How to write authentic copyMay 01, 2009
For every project, there’s often an Ah hah! moment in the briefing process when I just “get it”. For the lovely people at Blueprint Partners – a channel marketing agency I’m writing a website for – it was when their head of digital produced her favourite book from childhood to illustrate their qualities: The Velveteen Rabbit.
What’s your key word?
For another client, it came when a magazine editor described her readers as “suburban”. Another, when they described their magazine as being all about driving, rather than cars.
Is there a key word or concept that just nails your company, its products or its ethos? Find it and it can take your copy to a whole new level of authenticity and engagingness. Uncovering it is fun too because you have to talk to people.
Do you have an über-benefit?
And while you’re about it, how about finding an über-benefit. You do know what an über-benefit is don’t you? ( I know you do really.) Like this example…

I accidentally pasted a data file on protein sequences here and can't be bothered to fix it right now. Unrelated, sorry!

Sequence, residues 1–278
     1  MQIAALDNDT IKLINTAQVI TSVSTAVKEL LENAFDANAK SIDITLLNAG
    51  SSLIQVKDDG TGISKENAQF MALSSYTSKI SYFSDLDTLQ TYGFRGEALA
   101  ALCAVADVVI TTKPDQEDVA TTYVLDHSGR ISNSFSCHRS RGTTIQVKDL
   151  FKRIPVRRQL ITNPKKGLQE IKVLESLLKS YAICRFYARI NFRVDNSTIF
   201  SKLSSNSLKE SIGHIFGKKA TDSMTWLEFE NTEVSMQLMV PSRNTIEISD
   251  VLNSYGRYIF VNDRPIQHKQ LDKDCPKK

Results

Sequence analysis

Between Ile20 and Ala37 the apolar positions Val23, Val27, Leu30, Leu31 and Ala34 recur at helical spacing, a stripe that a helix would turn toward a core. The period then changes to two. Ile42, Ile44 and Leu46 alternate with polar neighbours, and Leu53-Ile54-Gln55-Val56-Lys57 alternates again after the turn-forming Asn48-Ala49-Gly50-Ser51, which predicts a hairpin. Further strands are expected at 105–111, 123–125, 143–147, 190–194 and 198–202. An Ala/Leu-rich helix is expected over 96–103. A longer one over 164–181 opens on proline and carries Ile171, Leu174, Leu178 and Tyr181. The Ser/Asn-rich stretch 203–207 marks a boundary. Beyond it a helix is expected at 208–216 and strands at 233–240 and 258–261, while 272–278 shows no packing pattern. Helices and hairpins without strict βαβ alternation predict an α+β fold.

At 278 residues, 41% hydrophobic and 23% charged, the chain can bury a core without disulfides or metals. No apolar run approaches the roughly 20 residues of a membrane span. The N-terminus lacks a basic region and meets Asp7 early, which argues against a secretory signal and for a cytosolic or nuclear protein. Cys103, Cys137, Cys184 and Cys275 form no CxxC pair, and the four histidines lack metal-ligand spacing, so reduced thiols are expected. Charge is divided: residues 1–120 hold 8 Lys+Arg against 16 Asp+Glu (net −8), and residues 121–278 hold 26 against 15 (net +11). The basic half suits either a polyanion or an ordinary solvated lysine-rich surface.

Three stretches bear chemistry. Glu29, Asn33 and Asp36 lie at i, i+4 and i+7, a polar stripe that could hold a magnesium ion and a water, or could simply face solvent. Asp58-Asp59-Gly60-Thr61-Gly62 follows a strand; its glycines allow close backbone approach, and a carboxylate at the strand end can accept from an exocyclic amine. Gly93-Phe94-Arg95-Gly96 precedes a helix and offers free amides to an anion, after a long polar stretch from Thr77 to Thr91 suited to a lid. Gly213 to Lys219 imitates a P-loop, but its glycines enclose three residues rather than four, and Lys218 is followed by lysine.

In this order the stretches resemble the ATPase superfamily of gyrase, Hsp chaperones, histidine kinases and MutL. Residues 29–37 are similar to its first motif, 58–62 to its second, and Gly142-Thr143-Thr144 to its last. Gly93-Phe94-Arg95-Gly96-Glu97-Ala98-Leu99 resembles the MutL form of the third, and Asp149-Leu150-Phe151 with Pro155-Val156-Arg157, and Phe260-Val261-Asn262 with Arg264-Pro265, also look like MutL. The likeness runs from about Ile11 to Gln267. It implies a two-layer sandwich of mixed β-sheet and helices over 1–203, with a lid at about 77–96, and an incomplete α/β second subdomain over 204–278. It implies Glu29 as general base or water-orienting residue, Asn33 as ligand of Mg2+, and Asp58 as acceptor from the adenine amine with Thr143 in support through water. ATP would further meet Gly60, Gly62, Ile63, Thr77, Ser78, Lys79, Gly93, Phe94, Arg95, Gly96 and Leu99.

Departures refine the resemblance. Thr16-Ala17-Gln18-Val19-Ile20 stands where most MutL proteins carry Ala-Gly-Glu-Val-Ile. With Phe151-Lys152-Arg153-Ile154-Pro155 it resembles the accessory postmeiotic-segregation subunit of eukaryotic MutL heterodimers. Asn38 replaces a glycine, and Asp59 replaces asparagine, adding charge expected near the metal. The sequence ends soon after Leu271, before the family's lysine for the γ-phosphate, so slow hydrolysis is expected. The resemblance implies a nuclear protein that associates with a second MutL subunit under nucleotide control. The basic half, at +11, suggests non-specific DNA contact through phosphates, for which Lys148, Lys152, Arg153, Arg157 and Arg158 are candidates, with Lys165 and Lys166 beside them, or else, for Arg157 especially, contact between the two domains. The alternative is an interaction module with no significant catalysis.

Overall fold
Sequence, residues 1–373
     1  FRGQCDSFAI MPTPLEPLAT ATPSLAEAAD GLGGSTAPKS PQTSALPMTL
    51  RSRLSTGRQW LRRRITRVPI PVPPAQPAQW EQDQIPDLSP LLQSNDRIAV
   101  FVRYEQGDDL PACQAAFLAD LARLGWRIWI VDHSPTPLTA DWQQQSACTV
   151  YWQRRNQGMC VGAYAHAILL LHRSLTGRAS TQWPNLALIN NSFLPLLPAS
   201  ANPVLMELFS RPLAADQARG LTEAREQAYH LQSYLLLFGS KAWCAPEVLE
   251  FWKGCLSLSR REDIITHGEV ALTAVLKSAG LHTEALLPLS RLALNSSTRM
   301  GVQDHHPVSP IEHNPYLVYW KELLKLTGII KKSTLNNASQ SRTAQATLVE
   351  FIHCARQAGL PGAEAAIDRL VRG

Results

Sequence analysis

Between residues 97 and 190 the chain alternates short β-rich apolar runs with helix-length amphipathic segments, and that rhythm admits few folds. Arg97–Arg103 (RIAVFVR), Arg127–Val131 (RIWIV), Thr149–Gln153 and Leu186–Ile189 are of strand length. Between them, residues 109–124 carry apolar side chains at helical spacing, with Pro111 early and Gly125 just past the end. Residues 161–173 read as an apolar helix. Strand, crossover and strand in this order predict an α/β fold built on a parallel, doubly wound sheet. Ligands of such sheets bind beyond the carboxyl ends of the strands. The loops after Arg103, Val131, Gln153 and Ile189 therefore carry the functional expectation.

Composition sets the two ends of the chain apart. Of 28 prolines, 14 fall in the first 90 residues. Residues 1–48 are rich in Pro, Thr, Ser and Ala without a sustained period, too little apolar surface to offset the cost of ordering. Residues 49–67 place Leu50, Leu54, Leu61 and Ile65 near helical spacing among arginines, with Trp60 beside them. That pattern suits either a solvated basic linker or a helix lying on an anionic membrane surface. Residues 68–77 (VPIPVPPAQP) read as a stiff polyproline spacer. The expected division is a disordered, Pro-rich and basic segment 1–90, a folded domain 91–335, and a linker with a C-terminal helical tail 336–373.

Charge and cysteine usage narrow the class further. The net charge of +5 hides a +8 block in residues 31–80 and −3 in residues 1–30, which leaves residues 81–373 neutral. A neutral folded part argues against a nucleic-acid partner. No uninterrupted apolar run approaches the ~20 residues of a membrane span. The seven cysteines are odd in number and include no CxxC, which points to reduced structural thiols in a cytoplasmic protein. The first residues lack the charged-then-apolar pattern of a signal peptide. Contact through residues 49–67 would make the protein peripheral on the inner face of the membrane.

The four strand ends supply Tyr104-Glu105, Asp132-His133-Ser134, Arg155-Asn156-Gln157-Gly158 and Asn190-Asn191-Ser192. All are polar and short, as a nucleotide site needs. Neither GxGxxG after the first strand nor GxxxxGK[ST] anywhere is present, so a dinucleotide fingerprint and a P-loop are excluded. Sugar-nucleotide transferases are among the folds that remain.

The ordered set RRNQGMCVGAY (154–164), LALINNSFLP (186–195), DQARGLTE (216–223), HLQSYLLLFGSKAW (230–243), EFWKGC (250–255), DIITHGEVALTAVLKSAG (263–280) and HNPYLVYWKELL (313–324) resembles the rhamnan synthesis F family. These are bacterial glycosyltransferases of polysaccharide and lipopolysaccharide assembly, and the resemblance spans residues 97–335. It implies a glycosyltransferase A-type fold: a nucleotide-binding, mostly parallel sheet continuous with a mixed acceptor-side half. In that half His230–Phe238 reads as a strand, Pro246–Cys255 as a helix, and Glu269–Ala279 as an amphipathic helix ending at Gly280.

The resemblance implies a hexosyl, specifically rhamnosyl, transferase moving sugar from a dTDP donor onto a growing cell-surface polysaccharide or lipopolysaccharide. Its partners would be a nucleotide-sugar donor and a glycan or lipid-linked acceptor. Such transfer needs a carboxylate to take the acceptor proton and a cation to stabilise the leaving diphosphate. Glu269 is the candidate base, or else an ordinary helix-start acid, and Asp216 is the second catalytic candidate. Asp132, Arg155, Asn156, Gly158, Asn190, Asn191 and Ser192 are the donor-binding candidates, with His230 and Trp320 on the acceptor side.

In the business information industry, where I started my career, the usual approach is to batter on about your data and analysis being “accurate, detailed and up-to-date”. Trouble is, it’s a statement of the bleeding obvious. Would you be anything else? “Buy our research – it’s off target, vague and out of date.” (Plus, everybody says it.)
Far better to imagine what your clients might want to help them sleep better at night and talk about that. Maybe explaining that your research would help them deliver presentations so compelling, audience members would weep openly (though not, we hope, for the usual reason).
How to write more engagingly
There’s something, I think, about the writing process itself that, for many copywriters, stifles their natural inquisitiveness. They fall back on well-worn phrases and descriptions of features. Here’s a tip.
Don’t write your copy: say it. Get a digital recorder (your mobile phone probably has one built in) and talk about what makes your product special. Then type it up.
It’ll need some polishing for grammar and stuff but you will almost certainly have said something compelling that turns your product from just another thing to buy into a life-saver. Or at the very least, a problem solver or pleasure enhancer (no sniggering at the back please).
And I’m telling you this because?
If you’re going to sell, you have to be able to bring your products to life. Finding a creative springboard will help you leap higher into your reader’s consciousness.
A single word that defines whatever it is that’s special about you … a big, sparkly benefit nobody else in your industry talks about … a spoken appeal to your reader’s wallet: any one of them could do it.